In the 1890s, the self-made construction magnate Allen B. Rorke appeared to be living the Gilded Age dream. Fame, fortune, social standing, and grand houses were all his. He belonged to the Union League, the Masonic Order of the Odd Fellows, the Legion of Honor, and the Clover Club. Among his construction clients were the Poth Brewing Company, the Philadelphia Traction Company, and Jacob Reed & Sons. He resided with his family in a townhouse at 131 S.18th Street, just off fashionable Rittenhouse Square.
As a loyal member of Philadelphia’s Republican Party machine, Rorke was considered by his friends to be an ideal candidate for mayor.
Yet in the laissez-faire circus of late 19th century Philadelphia, the pressure to maintain appearances was crushing. And appearances could be deceiving. One observer noted that, “His contracts were always carried out with a disposition to do more rather than less than his specifications called for.”
The son of a master carpenter, Rorke, like so many tradesmen’s children, left school at 14 to apprentice himself in his father’s trade. At 21, he struck on his own. One of his earliest construction projects was the Horticultural Hall at the 1876 Centennial Exposition, a colossal cast-iron and glass pile designed by Hermann Schwarzmann. By his 30s, Rorke had a healthy portfolio of building projects in the Philadelphia area. His City Directory listing advertised for “estimates and Plan furnished upon application, for Banks, Warehouses, Mills, Churches, Dwellings and Buildings of every description” (Philadelphia City directory, 1884, p. 1369). Like many other prominent builders, he maintained an office in the Philadelphia Bourse Building, near Independence Hall.
Rorke’s most high profile project was the construction of the new Pennsylvania State Capitol in Harrisburg. Designed by architect Henry Ives Cobb, the structure was a replacement for a neoclassical structure that burned in a spectacular fire in 1897. Yet many in the Pennsylvania state government were unhappy with the Rorke/Cobb collaboration. One observer derided it as an “unadorned, unfinished, several-story brown brick structure that looked like a factory.” The legislature decided that, rather than upgrade the structure, they would spend the money on on a more grandiose home.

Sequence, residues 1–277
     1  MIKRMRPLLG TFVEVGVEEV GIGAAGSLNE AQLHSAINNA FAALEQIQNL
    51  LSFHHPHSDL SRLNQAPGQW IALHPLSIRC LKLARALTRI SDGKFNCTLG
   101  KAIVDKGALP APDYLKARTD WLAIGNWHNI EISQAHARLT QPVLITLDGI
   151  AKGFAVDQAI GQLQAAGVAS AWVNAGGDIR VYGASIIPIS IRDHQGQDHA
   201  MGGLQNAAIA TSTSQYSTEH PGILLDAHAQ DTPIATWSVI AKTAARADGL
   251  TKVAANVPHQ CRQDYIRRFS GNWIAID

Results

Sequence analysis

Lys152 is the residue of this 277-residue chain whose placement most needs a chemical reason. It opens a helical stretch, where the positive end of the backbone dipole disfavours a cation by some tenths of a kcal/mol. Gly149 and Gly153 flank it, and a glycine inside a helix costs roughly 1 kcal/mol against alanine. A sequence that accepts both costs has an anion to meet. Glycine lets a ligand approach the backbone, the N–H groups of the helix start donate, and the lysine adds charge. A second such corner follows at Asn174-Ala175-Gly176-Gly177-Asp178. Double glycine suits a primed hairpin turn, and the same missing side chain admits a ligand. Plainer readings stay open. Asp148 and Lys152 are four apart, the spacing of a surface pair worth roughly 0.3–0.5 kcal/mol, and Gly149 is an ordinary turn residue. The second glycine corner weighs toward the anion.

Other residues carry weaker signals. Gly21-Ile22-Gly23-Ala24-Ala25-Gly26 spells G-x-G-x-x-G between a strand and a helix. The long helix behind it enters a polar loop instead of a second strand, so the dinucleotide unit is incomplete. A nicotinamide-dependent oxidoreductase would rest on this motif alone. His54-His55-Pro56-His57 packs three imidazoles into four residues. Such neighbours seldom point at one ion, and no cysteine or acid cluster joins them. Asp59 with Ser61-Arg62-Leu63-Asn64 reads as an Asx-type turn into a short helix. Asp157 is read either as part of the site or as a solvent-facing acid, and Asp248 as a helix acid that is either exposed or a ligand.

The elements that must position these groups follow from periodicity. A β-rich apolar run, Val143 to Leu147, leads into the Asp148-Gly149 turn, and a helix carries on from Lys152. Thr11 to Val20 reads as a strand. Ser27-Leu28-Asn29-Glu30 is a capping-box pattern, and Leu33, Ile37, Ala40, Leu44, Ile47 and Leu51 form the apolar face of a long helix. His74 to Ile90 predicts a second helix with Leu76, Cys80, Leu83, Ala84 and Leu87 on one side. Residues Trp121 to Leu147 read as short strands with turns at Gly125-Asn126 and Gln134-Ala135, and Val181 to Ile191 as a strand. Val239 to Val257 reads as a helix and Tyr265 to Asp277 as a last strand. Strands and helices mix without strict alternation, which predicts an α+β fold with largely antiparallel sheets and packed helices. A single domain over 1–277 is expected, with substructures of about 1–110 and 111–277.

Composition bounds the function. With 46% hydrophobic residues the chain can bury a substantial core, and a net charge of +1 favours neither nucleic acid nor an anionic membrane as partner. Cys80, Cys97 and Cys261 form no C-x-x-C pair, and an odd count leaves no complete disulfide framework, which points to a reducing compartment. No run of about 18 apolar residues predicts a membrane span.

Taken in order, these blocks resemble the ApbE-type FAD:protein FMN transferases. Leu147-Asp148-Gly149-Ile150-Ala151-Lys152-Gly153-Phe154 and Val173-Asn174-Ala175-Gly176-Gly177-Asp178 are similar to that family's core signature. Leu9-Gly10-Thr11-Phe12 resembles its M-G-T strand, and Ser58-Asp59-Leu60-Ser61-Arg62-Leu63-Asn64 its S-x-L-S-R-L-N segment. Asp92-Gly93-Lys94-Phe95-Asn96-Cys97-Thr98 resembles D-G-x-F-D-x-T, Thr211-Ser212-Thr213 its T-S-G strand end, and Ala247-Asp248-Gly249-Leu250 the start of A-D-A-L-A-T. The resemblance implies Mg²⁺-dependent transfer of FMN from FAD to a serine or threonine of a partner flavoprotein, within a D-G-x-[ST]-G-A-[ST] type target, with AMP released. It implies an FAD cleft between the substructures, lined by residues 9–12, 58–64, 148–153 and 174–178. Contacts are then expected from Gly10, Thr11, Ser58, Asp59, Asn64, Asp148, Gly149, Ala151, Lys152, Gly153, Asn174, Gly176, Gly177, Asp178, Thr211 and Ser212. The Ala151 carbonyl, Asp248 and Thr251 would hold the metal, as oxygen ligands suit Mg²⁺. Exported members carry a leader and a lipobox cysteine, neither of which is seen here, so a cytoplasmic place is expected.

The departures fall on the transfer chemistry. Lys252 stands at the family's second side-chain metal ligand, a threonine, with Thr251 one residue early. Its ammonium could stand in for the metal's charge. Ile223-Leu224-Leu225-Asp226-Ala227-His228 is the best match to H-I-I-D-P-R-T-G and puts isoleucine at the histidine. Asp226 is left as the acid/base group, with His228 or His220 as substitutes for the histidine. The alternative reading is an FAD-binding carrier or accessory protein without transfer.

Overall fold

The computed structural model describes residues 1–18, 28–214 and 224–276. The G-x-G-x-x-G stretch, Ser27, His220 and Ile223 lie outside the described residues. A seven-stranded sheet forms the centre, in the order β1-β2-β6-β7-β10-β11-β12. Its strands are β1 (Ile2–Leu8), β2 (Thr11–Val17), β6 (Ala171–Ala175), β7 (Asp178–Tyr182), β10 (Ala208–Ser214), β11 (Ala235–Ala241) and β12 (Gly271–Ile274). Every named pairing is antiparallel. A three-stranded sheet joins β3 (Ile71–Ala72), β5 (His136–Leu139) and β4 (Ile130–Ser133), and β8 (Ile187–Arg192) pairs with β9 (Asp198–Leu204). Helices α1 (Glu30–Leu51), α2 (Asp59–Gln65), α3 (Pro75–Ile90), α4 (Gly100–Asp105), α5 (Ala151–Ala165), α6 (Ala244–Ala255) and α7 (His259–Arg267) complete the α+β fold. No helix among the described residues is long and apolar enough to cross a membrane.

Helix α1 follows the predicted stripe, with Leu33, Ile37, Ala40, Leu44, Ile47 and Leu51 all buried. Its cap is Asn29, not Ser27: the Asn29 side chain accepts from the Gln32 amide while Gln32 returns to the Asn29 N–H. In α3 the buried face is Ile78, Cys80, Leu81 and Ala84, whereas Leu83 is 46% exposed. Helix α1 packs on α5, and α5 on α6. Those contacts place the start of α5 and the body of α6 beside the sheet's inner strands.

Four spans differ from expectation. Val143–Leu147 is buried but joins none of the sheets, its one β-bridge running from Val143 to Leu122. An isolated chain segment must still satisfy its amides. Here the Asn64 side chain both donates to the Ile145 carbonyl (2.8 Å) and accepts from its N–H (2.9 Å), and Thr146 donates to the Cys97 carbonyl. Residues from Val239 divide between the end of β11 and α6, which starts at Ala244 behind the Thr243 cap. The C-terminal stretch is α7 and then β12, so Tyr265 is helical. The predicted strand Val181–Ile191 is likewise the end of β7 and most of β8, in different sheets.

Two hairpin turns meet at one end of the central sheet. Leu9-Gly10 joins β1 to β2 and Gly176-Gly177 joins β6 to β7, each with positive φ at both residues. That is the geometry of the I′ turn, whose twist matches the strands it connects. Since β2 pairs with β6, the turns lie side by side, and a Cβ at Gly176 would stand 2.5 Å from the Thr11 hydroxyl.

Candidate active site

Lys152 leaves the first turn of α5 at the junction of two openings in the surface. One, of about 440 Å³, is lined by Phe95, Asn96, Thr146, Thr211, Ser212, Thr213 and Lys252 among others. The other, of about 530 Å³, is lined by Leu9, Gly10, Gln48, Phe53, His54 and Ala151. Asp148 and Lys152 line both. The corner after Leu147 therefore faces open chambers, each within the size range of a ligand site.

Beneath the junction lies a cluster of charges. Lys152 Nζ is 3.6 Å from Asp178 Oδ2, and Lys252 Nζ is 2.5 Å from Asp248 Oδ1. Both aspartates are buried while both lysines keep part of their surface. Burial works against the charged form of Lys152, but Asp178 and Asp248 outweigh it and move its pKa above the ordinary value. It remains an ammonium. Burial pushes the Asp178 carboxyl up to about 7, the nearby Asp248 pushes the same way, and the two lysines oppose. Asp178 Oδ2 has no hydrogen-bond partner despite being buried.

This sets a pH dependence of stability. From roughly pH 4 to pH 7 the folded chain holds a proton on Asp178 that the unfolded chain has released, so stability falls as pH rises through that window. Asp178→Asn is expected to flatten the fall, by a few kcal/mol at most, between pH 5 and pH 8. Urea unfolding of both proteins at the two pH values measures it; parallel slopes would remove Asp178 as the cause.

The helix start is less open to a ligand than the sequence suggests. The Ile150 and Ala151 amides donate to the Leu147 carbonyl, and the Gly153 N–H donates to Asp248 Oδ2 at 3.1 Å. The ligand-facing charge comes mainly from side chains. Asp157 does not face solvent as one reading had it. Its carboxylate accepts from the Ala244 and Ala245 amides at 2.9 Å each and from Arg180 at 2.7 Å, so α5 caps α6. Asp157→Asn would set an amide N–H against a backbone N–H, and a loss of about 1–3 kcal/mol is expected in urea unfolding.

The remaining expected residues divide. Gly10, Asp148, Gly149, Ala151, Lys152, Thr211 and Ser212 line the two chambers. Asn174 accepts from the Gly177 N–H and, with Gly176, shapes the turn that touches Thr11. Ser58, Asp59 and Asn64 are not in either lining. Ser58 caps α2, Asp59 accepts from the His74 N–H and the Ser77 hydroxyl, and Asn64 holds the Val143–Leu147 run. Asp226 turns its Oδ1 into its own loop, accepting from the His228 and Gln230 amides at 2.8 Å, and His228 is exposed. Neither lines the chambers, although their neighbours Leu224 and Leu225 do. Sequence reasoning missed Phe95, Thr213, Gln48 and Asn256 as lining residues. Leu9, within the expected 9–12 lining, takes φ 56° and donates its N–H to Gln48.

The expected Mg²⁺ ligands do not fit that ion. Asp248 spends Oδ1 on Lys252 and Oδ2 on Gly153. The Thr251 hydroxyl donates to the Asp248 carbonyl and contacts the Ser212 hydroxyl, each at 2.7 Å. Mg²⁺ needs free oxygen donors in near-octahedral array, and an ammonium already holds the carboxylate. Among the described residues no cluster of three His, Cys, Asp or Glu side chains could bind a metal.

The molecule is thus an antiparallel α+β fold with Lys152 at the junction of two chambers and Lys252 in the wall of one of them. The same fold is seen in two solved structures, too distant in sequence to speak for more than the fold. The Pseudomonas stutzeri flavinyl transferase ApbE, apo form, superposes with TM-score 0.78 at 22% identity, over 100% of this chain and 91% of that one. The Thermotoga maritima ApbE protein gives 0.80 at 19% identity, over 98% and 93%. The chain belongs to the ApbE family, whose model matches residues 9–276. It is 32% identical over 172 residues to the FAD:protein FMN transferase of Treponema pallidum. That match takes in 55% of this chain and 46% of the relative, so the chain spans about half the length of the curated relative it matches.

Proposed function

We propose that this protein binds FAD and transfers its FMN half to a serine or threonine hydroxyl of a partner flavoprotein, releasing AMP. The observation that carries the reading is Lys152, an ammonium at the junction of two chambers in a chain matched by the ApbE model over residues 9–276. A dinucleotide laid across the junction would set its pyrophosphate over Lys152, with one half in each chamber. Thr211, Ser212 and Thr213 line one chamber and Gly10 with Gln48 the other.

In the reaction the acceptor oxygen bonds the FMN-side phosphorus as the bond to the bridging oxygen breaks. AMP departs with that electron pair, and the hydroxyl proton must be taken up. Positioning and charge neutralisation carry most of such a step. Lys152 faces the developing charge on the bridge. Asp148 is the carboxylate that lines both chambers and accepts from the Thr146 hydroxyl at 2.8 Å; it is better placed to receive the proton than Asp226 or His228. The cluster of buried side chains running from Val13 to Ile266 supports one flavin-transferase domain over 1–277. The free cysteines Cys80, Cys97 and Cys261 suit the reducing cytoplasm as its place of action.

As a way of solidifying his dynastic ambitions, Rorke purchased a big lot at the corner of 41st and Odgen Street in West Philadelphia as the site of his son Franklin’s new suburban home. It was an odd location for a socially-ambitious businessman: the Belmont neighborhood at the time was comfortable but hardly fashionable. Yet the Franklin Rorke mansion rivaled the big homes under construction a few miles to the west in Overbrook Farms. Unlike the nearby twins and rowhouses, Franklin’s turreted Queen Anne mansion at 862-872 North 41st Street was a freestanding structure, surrounded by a garden and stone fence.
That summer, as the new family mansion rose on 41st Street, the Rorkes vacationed at the Seaside Hotel in Atlantic City. The nation had fully recovered from the Panic of 1893, and the luxury hotels of the Jersey Shore were booked to capacity from June to September. The Philadelphia Times described the children as an “exceedingly clever lot.” That fall, a laudatory article appeared in the Philadelphia Times, praising Rorke as “the nation’s greatest builder.”
On Christmas Eve of 1899, Allen Rorke spent the day with his son Franklin in West Philadelphia. The mansion at 41st and Ogden was nearing completion. The following day, at his townhouse on Rittenhouse Square, Rorke complained that he wasn’t feeling well. He then collapsed to the floor, felled by a stroke. A second stroke rendered him unconscious. He died on December 26, his wife and sons Franklin and Allen Jr. at his side.
His funeral which took place at his Rittenhouse Square home. Governor William Stone and Mayor Samuel Ashbridge served as honorary pallbearers. Soon after the doors of the Rorke family’s grand West Laurel Hill family mausoleum were locked, his grieving wife and sons received another jolt. High society pundits speculated that Rorke had left a legacy north of $1 million, a princely sum in fin-de-siecle Philadelphia and enough for the three heirs to continue on in high style. Instead, “the nation’s greatest builder” had left his family a mere $952.56, or about $20,000 in today’s money.
Franklin and Allen Jr. were also left their father’s construction firm. The question was whether or not they could salvage it, and their family’s fortunes.
Allen B. Rorke, Findagrave.com
“Builder Allen B. Rorke Is Dead, But His Work Will Live On,” The Philadelphia Inquirer, December 27, 1899
Sandra Tatman, “Rorke, Allen B,” Philadelphia Architects and Buildings
H.R. Haas, “862-72 N. 41st Street,” Nomination for Historic Building, Structure, Site or Object, Philadelphia Register of Historic Places, Philadelphia Historical Commission, March 7, 2017
“Big Season is on in Atlantic City,” The Philadelphia Times, June 27, 1899.